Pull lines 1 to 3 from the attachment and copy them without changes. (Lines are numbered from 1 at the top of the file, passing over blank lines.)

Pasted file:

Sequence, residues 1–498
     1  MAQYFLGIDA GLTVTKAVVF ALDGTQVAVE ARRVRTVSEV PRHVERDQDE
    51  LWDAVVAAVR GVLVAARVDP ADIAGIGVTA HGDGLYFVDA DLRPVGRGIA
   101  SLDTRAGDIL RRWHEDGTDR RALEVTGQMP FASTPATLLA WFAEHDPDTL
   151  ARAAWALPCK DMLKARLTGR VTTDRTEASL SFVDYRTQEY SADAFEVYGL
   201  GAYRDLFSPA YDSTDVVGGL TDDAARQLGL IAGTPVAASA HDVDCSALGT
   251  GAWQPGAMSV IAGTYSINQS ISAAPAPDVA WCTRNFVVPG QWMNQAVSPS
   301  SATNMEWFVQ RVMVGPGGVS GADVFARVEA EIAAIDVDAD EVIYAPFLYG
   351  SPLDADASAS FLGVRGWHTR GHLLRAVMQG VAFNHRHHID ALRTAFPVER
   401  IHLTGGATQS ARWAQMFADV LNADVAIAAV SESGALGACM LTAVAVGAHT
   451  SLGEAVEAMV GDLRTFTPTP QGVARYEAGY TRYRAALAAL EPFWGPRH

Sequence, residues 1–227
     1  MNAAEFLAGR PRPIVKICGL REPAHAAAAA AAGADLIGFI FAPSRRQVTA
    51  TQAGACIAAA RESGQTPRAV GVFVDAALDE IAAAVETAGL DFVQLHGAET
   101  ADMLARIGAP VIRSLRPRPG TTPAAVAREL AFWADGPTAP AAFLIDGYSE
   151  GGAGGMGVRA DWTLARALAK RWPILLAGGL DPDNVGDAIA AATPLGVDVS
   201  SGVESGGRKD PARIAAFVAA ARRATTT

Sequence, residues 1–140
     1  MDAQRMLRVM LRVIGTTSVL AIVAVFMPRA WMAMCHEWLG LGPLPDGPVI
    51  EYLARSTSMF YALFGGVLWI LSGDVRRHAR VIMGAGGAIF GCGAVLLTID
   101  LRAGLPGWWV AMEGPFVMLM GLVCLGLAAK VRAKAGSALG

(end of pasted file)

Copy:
Sequence, residues 1–498
     1  MAQYFLGIDA GLTVTKAVVF ALDGTQVAVE ARRVRTVSEV PRHVERDQDE
    51  LWDAVVAAVR GVLVAARVDP ADIAGIGVTA HGDGLYFVDA DLRPVGRGIA